Joint research by Edinburgh Napier and University of Dundee contributes to positive report
The HM Inspectorate of Constabulary in Scotland (HMICS) has praised Police Scotland’s work with researchers for the part it played in helping reform stop and search across the country.
The inspectoral body’s phase two report has acknowledged significant improvements made by Police Scotland and the Scottish Police Authority to stop and search procedures, with all 23 recommendations from its initial report in March 2015 found to have been successfully implemented.
Within the report, HMICS also highlighted the role that academic research played in helping the force identify good practice of stop and search in a local context.
In 2015, researchers from the University of Dundee and Edinburgh Napier University evaluated a stop and search scheme being piloted by the Fife Division of Police Scotland.
Funded by The Scottish Institute for Policing Research and the Scottish Police Authority, Dr Megan O’Neill, from Dundee, and Edinburgh Napier’s Dr Liz Aston led a team investigating the impact of a new approach to stop and search which aimed to improve levels of approval amongst the public by better informing them of the process, the reasons why searches are being carried out, and the rights of the individual.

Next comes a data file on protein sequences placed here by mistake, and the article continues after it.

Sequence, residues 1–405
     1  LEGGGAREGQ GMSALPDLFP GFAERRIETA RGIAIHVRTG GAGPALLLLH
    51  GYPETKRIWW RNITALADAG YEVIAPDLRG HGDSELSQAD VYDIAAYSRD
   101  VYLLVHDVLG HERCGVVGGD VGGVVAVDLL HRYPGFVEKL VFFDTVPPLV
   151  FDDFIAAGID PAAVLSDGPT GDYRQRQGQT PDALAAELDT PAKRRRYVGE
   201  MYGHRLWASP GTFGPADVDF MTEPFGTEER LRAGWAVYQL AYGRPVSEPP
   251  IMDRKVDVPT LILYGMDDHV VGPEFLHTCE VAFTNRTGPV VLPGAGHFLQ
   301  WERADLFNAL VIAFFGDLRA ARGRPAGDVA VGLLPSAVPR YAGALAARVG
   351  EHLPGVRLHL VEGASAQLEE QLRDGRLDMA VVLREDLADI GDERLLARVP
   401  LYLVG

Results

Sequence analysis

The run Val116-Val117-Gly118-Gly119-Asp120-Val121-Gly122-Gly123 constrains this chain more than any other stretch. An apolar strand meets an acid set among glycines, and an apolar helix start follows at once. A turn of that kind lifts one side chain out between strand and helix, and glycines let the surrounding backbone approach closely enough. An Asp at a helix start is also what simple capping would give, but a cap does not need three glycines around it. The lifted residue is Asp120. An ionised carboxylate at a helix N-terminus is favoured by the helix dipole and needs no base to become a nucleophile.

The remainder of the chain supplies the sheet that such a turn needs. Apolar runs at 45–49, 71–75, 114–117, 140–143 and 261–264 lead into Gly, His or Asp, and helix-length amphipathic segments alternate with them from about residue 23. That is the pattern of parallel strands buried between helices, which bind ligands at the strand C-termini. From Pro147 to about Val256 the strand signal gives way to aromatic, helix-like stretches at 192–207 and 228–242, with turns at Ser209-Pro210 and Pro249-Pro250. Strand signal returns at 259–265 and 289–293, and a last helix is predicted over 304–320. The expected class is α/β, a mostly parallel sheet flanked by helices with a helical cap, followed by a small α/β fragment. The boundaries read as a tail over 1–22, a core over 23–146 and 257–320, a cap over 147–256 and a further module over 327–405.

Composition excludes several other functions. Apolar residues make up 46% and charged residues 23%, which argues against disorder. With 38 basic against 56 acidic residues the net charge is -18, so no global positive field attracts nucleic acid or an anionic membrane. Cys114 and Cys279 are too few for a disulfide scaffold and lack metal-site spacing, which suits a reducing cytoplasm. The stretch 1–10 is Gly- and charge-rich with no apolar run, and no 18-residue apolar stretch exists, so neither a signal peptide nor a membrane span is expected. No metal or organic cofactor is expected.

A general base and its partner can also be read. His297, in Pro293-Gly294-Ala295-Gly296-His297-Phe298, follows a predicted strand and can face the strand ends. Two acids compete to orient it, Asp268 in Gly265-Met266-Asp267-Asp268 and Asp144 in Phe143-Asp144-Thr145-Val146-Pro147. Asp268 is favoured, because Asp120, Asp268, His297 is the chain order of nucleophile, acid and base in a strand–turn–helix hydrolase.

Despite the findings praising Fife Division for their efforts to make stop and search more effective and address public concerns about the measures, a number of recommendations were also made, including the ultimate end to consensual stop and searches.
HMICS’ initial phase one report also recommended a step change from consensual searches, with the new report finding that 96% of stop and searches are now made using legislative powers. The recording of seizures and the publication of stop and search data online are also among the positive steps taken.